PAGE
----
University courses can help even committed practitioners expand their knowledge of Buddhism’s history and context, says Daijaku Judith Kinst. Academia is making a valuable contribution to the dharma, and vice versa.
Roshi Pat Enkyo O’Hara on how to move past our discomfort and old ideas and make Buddhist communities welcoming to people of all gender identities and sexual orientations.
In the second issue in our 40th anniversary series, Melvin McLeod looks at the importance of diversity in the development of modern Buddhism.
Good intentions aren’t enough. The culture of the community must make diversity a reality. Crystal Johnson on the hard work of building a culture of “radical inclusion” at East Bay Meditation Center.
The vast majority of American Buddhists are of Asian heritage, yet they are too often ignored, mispresented, and even looked down upon. Chenxing Han offers four ways we can start to heal American Buddhism.
Greg Snyder on how to reclaim the grace and humanity that our access to guns has led us to squander.
Thanissara presents an honest discussion of internalized racism and how seeing it clearly transforms sanghas.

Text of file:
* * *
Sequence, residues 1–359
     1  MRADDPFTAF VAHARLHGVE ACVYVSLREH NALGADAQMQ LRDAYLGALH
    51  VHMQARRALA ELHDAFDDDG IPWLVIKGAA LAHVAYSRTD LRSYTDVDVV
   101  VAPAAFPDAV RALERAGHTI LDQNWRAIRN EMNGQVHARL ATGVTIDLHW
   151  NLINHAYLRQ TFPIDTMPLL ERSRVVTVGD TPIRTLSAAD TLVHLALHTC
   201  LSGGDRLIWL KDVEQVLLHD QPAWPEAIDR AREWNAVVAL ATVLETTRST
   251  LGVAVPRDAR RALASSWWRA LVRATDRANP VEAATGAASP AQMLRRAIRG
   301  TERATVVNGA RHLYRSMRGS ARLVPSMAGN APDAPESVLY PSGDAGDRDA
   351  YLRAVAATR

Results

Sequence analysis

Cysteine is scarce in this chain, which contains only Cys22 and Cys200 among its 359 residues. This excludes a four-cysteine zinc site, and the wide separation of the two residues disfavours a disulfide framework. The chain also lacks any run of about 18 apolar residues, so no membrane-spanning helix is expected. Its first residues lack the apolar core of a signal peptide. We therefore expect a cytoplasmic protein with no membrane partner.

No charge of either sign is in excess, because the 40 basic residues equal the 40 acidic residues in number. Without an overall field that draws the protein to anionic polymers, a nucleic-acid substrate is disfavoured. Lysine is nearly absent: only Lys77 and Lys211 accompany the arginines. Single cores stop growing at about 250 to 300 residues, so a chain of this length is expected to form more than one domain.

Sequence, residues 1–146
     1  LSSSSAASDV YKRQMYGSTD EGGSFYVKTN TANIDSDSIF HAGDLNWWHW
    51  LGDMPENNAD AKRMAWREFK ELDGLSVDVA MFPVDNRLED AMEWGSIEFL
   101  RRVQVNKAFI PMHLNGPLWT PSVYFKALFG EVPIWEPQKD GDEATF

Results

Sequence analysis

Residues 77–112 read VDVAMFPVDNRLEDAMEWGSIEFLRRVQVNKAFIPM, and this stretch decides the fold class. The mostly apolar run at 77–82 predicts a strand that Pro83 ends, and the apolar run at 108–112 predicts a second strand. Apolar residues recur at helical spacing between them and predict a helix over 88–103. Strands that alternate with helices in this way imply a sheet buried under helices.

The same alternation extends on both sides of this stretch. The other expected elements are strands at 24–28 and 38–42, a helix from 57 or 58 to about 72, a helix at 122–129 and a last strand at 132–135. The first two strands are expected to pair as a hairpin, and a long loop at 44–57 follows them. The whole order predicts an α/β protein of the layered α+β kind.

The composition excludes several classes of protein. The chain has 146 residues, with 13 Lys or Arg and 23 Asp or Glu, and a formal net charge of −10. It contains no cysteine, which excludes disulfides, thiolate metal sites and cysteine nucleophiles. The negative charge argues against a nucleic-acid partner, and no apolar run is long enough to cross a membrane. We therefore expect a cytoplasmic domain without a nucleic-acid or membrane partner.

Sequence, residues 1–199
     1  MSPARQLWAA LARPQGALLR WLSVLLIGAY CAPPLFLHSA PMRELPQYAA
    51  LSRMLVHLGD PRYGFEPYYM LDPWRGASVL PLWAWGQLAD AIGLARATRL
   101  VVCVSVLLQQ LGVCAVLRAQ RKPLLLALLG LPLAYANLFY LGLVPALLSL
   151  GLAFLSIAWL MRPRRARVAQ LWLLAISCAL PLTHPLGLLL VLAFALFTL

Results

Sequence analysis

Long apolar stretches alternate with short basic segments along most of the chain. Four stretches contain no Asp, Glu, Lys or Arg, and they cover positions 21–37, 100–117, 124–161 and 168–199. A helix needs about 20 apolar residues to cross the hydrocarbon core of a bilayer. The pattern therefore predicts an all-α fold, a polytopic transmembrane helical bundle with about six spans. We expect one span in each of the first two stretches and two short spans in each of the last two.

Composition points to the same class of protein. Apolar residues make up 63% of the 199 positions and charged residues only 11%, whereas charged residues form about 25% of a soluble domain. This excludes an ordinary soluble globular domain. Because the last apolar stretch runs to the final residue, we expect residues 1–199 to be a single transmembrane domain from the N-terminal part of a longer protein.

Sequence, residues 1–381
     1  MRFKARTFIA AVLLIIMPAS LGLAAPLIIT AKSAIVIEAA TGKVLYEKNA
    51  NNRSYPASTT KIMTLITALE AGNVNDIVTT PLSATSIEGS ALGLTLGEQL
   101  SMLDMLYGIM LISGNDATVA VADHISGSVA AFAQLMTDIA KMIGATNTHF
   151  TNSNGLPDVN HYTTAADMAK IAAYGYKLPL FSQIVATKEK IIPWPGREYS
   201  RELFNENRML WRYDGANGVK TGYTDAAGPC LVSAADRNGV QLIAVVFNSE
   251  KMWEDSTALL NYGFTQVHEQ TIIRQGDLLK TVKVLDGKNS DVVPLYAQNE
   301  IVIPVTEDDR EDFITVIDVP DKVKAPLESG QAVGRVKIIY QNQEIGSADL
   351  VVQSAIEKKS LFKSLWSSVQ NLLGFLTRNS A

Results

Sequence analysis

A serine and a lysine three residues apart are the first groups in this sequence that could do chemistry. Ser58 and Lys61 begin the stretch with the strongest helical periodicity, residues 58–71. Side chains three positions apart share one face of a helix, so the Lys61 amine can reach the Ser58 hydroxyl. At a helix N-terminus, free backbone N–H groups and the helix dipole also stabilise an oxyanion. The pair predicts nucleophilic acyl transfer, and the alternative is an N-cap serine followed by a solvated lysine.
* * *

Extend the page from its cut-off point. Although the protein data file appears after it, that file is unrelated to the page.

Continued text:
The vast majority of American Buddhists are of Asian heritage, yet they are too often ignored, mispresented, and even looked down upon. Chenxing Han offers four ways we can start to heal the great divide in American Buddhism.
In the opening editorial of the May 2019 issue of Lion’s Roar, associate editor Lindsay Kyte reflects on the importance of having a variety of unique voices in Buddhist discourse.
At the first-ever gathering of Buddhist teachers of black African descent held at New York’s Union Theological Seminary, two panels of leading Buddhist teachers took questions about what it means to be a black Buddhist in America today.